Feb 22

Many of the world’s weird and wonderful species names have been determined by taxonomists but the reasons behind the names vary greatly. Some species names honour a great naturalist or explorer, others are in recognition of a particular individual dedicated to the conservation of a particular species, and some are purley named after someone the taxonomist was rather fond of!

-i’, ‘-ae’ and ‘-orum’

In taxonomy, when a species’ scientific name comes from the name of a person, the suffix ‘-i’ is attached for a male, ‘-ae’ for a female and ‘-orum’ for a couple.

Adélie penguin image

The Adélie penguin (Pygoscelis adeliae) was named by Jules Dumont d'Urville after his wife Adéle

Weddell seal image

The Weddell seal (Leptonychotes weddellii) is named after British sealing captain James Weddell










Pere David’s deer

Father (‘Pere’ in French) David, was a Catholic missionary, zoologist and botanist who travelled to China and collected natural history specimens. On his travels he discovered, among many other species, the giant panda and Pere David’s deer, which were previously unknown in Europe. Pere David’s deer was presumably already extinct in the wild; however, Pere David observed the last remaining herd and inspired an unfortunately unsuccessful drive to bring them back from the brink of extinction.

Pere David's stag image

Pere David's deer is classified as Extinct in the Wild

Thomas Bewick

Thomas Bewick was an English wood engraver who had an insatiable interest in ornithology. He created masterpieces detailing birds, which were carved onto wood, and then went on to write and illustrate the History of British Birds which was published in the early 1800’s. Bewick’s swan was named after him just after this death in 1828.

Bewick's swan image

Bewick's swan preening

De Brazza

De Brazza was a French explorer who was an early coloniser of the Republic of the Congo. He is remembered by both the species de Brazza’s monkey and the capital city of Congo, Brazzaville, the name of which remains today as well as a monument in his honour.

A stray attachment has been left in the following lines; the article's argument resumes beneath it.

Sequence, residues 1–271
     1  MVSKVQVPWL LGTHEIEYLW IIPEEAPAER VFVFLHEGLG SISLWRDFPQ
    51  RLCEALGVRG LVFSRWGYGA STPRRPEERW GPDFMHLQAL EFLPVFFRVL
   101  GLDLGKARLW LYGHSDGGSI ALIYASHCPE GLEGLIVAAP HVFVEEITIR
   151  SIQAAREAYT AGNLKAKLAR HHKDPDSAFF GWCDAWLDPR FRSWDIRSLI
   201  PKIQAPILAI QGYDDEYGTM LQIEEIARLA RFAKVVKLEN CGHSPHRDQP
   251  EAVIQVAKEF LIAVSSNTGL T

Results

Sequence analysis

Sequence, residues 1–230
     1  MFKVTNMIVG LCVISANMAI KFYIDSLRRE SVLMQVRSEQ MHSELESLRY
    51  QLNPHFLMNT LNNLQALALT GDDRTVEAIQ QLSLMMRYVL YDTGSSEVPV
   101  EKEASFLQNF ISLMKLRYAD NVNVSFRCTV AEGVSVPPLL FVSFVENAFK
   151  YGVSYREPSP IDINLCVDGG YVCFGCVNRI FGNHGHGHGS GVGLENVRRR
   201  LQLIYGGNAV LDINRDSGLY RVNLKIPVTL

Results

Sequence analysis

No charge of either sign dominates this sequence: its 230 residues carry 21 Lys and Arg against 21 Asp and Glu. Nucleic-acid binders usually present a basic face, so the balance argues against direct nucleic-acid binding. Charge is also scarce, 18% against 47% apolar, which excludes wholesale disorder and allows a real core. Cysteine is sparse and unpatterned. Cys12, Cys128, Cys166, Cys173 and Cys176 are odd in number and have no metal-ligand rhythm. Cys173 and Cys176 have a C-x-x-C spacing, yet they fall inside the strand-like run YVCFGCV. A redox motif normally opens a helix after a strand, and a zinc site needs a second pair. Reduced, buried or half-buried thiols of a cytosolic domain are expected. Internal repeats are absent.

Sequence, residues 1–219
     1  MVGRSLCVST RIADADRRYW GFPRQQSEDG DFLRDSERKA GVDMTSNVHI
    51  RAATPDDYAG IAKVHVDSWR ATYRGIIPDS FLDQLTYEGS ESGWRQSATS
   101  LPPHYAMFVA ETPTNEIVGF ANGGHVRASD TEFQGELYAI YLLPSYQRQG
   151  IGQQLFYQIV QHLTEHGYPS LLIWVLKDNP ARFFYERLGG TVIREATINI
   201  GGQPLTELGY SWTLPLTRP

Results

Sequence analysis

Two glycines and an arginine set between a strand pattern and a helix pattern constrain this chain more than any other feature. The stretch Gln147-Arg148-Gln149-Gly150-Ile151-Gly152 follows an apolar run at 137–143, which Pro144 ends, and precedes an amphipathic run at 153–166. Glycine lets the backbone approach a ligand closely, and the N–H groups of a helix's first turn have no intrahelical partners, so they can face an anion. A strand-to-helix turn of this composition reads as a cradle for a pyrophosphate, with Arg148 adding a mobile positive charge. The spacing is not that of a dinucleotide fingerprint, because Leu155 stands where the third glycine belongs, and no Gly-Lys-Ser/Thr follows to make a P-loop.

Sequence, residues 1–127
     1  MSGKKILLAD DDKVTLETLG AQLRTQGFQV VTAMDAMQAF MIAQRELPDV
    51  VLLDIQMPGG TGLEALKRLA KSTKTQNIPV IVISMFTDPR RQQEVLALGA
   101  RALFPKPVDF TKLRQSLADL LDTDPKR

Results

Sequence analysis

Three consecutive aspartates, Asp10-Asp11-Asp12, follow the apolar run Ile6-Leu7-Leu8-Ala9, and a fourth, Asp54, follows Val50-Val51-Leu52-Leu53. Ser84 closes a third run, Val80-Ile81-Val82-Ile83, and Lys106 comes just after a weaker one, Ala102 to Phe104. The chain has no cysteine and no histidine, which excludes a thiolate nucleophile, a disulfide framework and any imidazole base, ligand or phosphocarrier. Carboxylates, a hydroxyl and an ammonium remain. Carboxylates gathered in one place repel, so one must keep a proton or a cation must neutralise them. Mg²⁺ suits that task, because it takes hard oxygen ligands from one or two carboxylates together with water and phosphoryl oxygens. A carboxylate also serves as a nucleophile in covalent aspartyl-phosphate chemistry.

De Brazza's monkey image

De Brazza's monkey

Owl-faced guenon

The scientific name of the owl-faced guenon (Cercopithecus hamlyni) is derived from the eccentric animal dealer John. D. Hamlyn who first brought this species to London Zoo.

Owl-faced guenon image

Owl-faced guenon

Charles Darwin

Charles Darwin lends his name to many species of animal and plant, including Darwin’s orchid, Chile Darwin’s frog, Darwin’s fox and Darwin’s finches. Darwin’s finches are a group of around 14 different finches all endemic to the Galapagos Islands, except for the Cocos finch, which lives on a small island 600 kilometres northeast called Cocos. These closely related birds show how natural selection can lead to the evolution of many different species from a single lineage. Darwin’s finches include the mangrove finch, large ground finch, warbler finch, vegetarian finch, sharp-beaked ground finch and many more.

Darwin's orchid image

This beautiful orchid is endemic to Madagascar


Carl Linné, or Linnaeus, is often called the ‘father of modern taxonomy’ due to his invention of the modern system of identifying all species of plant, animal, fungus, single and simple multi-celled organisms and bacteria. This system of two words makes up the name of a species, or three for a subspecies, of which the first word usually describes a biological aspect of the species from a word derived from Latin or Greek. Many reptiles are named after Linnaeus as well as Linné’s two-toed sloth.

Linne's two-toed sloth image

Linne's two-toed sloth, otherwise known as the southern two-toed sloth

Spiders from Mars

Was it the bright yellow hair that prompted the naming of the David Bowie spider (Heteropoda davidbowie)?

David Bowie spider image

Aside from the yellow hair, are there any other physical characteristics linking David Bowie with his arachnid namesake?

Lemurs from Madagascar

The Bemahara woolly lemur (Avahi cleesei) is named after famous English actor John Cleese, due to his fondness for lemurs and efforts towards promoting their conservation.

Bemaraha woolly lemur image

Bemaraha woolly lemur, also known as Cleese's woolly lemur with young

What about me?

This proves there are many ways to have a species named after you, even without trekking through the deepest Indian rainforest to find one yourself!

Western Ghats, India image

Unidentified species, where are you?

With new species being found every day who will be honoured next? mulvanyae has a nice ring to it!

Let us know in the comments below if you can think of any good potential species names or people who deserve to have an animal or plant named after them.

Hannah Mulvany, ARKive Species Text Author Intern

  • Juan Rodrequez Forgalilo (February 25th, 2012 at 12:11 am):

    What a well written blog. Really enjoy this read. I have a keen interest in taxonomy and it’s nice to see this written so nicely.